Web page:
Lets talk gear

Lets talk about gear and what you need. And I will keep it short. Not because I don't want to write it (I tried but my internet crashed & I lost my blog). But because I realizedI can keep it really short:

Invest wisely.

Do you really need an xxx-amount of megapixel when you shoot automatically and you want to put 300 dpi superquality images on the internet? Do you have clients paying you for your work? Do you have this as a professional job? Do you really need that piece of equipment? Have you ever tried everything you can do with a camera? Does it matter when you only post your work online and you put it in 72 dpi and it gets decompressed?

Get real

If you don't know on your feelings how aperture and exposure work hand in hand and you don't need to look longer then 30 seconds what your settings are; you aren't ready yet. Maybe thats a bit bluntly said and not always true as sometimes I still struggle, but there is this "feel" you get when you know your gear and what its capable off. Thats called "practice".

Having an epic pro big ass camera won't make you better

Really. It doesn't. I have a brand new 5D mark III because I didn't want to borrow an old camera from a friend anymore because my very old 5D mark I broke down out of 4 years of intense (ab)use. That and I'm now working for clients requiring the best quality possible I cannot show up with a half-ass-broken camera like my poor Mark I.

In some cases having a certain camera gives better technical quality, sure. But if you're just in the game for the fun of it and don't intend to go pro (right away) .... invest in lenses first. In fact, always invest in that first! Its still cheaper and it REALLY does make a difference!


Learn working with a camera. For real. It will make you a better photographer. Not having an epic camera on automatic. Your vision, your intellectual skills, your creativity, your technical knowledge and a good challenge and lots of practice will. Always remember that.

My route took me to 6 or 7 cameras in the nine years I've been doing it, off which just 4 where cameras I got as a present/borrowed them from friends, one was from my parents (which they bought because I studied photography .. My sister has it now) and two I bought myself: the second hand 5D mark I & now my 5D mark III. Those last two happened because I knew this was going to be my job. That happened in the last 4 years.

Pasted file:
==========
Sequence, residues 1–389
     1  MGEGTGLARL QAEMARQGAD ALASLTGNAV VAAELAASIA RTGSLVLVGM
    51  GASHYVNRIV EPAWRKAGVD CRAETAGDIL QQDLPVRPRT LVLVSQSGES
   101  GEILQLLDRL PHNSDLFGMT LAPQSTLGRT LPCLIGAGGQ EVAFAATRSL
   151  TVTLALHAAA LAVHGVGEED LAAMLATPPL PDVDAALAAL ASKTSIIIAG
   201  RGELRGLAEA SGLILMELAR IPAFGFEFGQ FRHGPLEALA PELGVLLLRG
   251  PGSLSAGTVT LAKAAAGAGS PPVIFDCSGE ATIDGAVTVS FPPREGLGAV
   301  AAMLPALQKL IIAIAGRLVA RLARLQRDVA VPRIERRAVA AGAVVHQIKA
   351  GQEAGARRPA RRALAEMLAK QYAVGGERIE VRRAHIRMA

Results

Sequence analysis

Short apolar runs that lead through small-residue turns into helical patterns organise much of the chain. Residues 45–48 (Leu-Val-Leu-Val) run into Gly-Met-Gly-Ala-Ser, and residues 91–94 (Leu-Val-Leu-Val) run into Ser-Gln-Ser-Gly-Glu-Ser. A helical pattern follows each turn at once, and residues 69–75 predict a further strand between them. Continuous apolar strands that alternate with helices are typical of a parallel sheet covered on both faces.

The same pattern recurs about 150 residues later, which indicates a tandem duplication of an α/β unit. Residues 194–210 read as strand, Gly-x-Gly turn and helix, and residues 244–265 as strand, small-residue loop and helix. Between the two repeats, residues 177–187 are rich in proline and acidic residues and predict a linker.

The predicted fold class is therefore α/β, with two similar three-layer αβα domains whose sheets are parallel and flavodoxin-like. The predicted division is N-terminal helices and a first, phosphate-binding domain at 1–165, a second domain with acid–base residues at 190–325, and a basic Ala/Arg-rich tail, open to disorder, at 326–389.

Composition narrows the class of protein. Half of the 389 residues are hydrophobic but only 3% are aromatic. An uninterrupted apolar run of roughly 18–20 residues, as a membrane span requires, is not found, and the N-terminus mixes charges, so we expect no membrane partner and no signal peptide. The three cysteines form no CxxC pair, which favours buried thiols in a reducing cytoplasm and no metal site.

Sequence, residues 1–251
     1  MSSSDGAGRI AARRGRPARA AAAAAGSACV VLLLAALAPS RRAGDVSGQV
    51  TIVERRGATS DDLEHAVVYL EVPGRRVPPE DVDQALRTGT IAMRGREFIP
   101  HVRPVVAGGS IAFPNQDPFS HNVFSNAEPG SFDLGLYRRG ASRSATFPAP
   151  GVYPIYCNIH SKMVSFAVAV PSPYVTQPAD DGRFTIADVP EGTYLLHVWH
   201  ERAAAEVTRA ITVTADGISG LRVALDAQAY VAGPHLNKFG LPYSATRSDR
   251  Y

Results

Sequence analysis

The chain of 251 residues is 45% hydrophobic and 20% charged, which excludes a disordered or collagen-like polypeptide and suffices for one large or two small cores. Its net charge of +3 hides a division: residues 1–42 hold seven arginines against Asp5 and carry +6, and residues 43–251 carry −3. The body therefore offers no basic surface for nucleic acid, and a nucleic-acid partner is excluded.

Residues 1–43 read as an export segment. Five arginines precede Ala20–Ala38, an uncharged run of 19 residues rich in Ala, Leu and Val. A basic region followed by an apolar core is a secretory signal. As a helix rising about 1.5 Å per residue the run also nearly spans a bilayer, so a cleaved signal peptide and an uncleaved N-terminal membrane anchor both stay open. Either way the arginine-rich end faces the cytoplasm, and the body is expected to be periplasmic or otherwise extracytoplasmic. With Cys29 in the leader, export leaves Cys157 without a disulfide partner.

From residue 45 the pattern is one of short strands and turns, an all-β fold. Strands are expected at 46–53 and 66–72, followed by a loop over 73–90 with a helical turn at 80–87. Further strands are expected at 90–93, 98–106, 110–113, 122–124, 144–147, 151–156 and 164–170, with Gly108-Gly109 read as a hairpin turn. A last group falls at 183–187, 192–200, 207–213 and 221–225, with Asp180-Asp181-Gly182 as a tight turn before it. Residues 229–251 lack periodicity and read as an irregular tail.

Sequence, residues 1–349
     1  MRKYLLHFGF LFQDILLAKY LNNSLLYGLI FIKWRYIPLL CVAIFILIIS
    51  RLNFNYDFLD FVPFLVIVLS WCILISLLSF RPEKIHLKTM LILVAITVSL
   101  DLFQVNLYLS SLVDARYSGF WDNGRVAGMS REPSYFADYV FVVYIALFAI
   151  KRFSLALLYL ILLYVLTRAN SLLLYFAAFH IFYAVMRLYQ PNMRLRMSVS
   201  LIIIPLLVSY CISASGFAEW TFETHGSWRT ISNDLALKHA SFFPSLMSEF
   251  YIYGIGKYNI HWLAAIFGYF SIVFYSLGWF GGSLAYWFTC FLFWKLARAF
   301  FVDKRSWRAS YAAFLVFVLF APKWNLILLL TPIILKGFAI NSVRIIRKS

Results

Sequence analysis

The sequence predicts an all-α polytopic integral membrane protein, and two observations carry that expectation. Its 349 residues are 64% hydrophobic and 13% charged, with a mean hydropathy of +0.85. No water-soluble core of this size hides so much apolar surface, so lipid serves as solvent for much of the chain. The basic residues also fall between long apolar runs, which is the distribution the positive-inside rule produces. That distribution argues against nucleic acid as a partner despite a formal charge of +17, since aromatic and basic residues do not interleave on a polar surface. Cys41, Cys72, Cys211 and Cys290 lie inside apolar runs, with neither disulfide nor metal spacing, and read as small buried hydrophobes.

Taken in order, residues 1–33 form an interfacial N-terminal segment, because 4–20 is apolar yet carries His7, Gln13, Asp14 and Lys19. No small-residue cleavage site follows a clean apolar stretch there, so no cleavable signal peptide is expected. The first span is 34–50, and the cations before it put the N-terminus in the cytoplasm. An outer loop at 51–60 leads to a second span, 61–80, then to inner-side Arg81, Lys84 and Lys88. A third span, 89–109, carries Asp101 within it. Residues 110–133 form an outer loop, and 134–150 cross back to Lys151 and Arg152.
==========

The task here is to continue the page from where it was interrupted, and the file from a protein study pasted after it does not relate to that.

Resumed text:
So chill. There is more to it then your megapixels. And more to it then technical knowledge. And more then experience. A photographer is good in my opinion when the whole pool of technical aspects, knowledge, vision, creativity, extra gear, ... and so much more all comes together and you are struggling to understand how it all works and you just go for it and make it work no matter what. Its like cooking. Nothing more, nothing less. You can have all the spices in the world & still **** up. Or you can make the best dish ever. Or have a first taste of what you can & try it so often it works out at one point.

This is MY opinion. I'm not a technical person and I'm fine by that. My cameras have always been great for the level I had as person and artist and I got far with just "simple" set-ups. And I will continue to do so because thats what I believe in. It doesn't mean I don't want to be technically challenged or so no to trying out new gear. But I know what I can because no matter the camera you give me ... I will try to make it work somehow. Its the reason I'm picking up analog again. I love the imperfections of the final image and knowing I was able to do it all technically anyway without over or underexposing my film. Its the good kinda challenge.

Go shoot now & have fun. Thats what it should be about! Or fix that deadline for your client(s). Enough to do that isn't comparing your gear to what's "new" in the game.